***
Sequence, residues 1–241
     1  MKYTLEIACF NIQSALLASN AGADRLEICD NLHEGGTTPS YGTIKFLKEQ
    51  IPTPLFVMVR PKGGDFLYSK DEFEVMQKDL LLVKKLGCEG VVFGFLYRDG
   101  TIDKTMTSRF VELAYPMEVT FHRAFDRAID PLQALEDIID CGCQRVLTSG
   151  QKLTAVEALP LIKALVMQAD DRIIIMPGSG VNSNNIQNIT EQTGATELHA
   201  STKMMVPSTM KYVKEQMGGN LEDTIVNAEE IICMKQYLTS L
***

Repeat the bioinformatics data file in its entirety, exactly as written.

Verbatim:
Sequence, residues 1–241
     1  MKYTLEIACF NIQSALLASN AGADRLEICD NLHEGGTTPS YGTIKFLKEQ
    51  IPTPLFVMVR PKGGDFLYSK DEFEVMQKDL LLVKKLGCEG VVFGFLYRDG
   101  TIDKTMTSRF VELAYPMEVT FHRAFDRAID PLQALEDIID CGCQRVLTSG
   151  QKLTAVEALP LIKALVMQAD DRIIIMPGSG VNSNNIQNIT EQTGATELHA
   201  STKMMVPSTM KYVKEQMGGN LEDTIVNAEE IICMKQYLTS L